Most of the other stuff was kept intact from Cook’s story. There were a couple of plotlines that I do wish I’d kept or found a way to make work, and there was one brief scene that was deeply creepy but morally questionable.
That brings us to the last piece of the puzzle: the narration. You can’t do a radio anthology series without a host and narration, and this was what I struggled with the most. In fact, it was the last thing I wrote for this episode, almost a month after I wrote the original script. I watched a metric ton of Twilight Zone as a kid, and obviously, Rod Serling is the 500 pound gorilla of cool anthology narration.
Two things eventually shook enough shit loose: First, the creation of the actual narrator “character,” the Lady in Red. It’s a noir series after all, and it wouldn’t be noir without at least one femme fatale. (Gee, could I use italics more?) Once I heard her doing the narration (although, strangely enough, I came up with the character first, so she was just talking at that point) in a low, cigarettes-and-whiskey voice, it helped a lot. Those of you who read the last post will probably deduce that her name, the Lady in Red, is not from the Stevie Wonder Academy Award-winner, but the name for the woman who betrayed John Dillinger outside the Biograph in 1934. (It may have also had something to do with the fact that I had just watched Lewis Teague’s The Lady in Red while coming up with this.)
I’m not really sure how I hit upon using the phrase “…dark heart of New York/…city’s dark heart,” but when I combined it with the voice, it clicked and I was able to write both the opening and the episodic narration fairly quickly. The opening narration starts with a recitation of some of NYC’s famous landmarks, and there’s a contrast there between good associations and negative associations. (Rikers/Shea, 42nd/11oth. The 110th is a reference to the dark song “Across 110th Street,” not Harlem itself.) I like the version you heard, and it’s delivered pretty perfectly by Laura Ramadei, but it’s something that I’ll continue to tweak with over the course of the season.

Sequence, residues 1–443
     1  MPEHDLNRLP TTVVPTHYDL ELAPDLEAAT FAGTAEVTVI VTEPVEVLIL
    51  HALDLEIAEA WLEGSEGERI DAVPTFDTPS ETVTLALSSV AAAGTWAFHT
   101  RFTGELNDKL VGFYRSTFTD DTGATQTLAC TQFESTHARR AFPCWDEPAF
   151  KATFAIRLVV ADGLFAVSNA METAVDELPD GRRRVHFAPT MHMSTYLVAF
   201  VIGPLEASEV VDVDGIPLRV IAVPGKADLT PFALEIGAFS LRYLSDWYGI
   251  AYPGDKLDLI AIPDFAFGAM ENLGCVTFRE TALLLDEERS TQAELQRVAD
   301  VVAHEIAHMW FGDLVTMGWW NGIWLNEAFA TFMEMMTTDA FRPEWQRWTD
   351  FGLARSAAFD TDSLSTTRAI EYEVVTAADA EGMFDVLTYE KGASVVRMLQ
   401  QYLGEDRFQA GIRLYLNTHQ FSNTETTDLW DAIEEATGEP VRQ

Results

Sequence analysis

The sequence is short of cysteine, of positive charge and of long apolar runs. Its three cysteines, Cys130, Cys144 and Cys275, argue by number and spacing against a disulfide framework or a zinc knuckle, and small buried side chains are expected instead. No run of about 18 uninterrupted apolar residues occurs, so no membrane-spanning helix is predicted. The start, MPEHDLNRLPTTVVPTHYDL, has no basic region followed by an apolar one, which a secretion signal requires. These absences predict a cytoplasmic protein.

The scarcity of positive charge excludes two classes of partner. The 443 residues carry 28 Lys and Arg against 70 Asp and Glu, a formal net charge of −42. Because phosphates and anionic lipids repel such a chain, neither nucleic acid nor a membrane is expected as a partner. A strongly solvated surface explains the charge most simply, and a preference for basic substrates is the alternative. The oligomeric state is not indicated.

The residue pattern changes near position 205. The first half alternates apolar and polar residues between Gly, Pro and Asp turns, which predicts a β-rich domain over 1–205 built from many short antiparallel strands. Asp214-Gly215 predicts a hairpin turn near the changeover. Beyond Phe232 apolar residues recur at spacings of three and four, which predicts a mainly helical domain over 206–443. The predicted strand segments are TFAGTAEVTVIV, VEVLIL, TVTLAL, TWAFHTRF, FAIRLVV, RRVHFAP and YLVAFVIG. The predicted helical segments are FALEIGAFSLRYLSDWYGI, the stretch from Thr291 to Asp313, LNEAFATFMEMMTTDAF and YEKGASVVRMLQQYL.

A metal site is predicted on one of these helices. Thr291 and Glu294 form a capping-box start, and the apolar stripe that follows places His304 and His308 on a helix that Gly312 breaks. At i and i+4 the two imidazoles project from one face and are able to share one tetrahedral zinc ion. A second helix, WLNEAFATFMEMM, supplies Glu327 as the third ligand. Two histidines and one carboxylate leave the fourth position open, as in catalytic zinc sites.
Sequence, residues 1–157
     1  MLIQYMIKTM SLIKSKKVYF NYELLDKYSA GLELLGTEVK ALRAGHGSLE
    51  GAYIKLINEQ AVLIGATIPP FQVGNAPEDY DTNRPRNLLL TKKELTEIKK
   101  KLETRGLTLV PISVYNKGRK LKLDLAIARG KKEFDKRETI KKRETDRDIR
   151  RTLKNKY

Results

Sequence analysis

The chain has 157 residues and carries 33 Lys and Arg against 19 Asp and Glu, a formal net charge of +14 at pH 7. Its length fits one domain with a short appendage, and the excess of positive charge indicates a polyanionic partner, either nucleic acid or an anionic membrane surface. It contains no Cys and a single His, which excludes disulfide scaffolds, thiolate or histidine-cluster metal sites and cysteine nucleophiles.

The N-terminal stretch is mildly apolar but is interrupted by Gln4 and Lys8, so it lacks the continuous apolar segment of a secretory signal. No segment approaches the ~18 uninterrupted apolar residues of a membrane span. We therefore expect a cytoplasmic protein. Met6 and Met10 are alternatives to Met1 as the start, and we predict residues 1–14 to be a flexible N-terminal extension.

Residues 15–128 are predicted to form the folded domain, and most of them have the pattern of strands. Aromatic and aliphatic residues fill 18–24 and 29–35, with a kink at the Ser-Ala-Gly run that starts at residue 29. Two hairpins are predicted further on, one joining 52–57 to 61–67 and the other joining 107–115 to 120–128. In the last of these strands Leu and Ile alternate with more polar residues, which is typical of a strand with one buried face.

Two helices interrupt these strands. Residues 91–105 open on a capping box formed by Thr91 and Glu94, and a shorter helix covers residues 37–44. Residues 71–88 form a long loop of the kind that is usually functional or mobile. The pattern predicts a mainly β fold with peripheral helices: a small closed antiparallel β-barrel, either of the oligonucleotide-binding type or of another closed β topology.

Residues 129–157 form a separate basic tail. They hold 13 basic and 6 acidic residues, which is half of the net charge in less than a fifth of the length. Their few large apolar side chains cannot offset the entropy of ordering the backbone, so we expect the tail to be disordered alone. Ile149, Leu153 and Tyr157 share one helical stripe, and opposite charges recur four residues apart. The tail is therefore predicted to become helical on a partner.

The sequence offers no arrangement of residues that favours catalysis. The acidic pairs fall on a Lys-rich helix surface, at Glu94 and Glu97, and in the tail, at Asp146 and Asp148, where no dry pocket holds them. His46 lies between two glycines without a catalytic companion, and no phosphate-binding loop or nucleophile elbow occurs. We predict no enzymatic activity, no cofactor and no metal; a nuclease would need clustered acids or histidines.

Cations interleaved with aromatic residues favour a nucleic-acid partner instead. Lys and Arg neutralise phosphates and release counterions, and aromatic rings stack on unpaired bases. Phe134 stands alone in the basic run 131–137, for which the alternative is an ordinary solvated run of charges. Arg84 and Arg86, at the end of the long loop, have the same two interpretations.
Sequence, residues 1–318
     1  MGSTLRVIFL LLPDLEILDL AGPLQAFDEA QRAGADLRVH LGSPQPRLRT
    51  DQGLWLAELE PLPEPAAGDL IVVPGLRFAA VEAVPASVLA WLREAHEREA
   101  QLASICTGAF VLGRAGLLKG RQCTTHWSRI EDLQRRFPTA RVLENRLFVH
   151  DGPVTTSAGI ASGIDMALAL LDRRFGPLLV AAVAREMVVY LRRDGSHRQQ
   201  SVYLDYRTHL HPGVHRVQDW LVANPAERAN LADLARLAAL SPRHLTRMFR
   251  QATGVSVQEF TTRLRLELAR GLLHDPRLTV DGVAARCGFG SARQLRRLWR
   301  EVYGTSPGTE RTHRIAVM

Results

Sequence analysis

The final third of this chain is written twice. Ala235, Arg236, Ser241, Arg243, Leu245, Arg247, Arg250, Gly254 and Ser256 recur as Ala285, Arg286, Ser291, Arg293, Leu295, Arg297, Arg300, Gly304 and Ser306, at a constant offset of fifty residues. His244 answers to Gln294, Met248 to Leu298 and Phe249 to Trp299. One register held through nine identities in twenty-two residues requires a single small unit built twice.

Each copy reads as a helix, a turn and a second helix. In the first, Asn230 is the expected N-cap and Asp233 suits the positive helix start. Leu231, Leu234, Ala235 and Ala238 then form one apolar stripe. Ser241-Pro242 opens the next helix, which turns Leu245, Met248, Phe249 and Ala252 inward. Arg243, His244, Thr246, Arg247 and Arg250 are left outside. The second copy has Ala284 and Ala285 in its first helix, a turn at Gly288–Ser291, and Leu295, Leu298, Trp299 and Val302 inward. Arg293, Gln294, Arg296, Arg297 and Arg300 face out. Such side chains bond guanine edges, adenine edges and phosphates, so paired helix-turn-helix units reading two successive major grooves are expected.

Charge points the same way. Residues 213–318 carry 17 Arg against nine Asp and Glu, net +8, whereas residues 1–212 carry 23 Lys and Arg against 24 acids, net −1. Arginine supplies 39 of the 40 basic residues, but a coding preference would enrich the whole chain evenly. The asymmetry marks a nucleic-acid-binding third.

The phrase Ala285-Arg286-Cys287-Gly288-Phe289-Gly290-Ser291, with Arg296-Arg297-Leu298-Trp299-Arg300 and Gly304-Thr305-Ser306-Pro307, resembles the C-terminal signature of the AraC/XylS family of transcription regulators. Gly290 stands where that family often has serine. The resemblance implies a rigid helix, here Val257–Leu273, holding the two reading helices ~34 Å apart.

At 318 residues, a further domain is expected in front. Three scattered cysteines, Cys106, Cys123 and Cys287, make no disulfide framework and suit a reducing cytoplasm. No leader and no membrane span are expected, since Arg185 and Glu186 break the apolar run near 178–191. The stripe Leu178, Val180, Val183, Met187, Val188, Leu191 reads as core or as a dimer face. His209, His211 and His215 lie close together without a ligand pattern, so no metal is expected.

As for “Rain” itself, the narration was pretty simple. One of the things that I loved about Cook’s story was his varied and lovely descriptions of the rain as it falls in New York, and 90 percent of the narration that appears in this episode is taken directly from Cook’s story. Cook’s story is definitely worth checking out and you can find it in the Manhattan Noir collection from Akshaic Books. Only ten bucks!
I don’t have any specific comments other than the ones I’ve mentioned about the episode per se, but I was surprised how faithful this was to the script I wrote. I’m not one to point out mistakes, but there’s one typo that slipped past me that actually made it into the episode itself. REP did a fantastic job and I am proud to have written it.
As Alan Sepinwall says, what did everybody else think?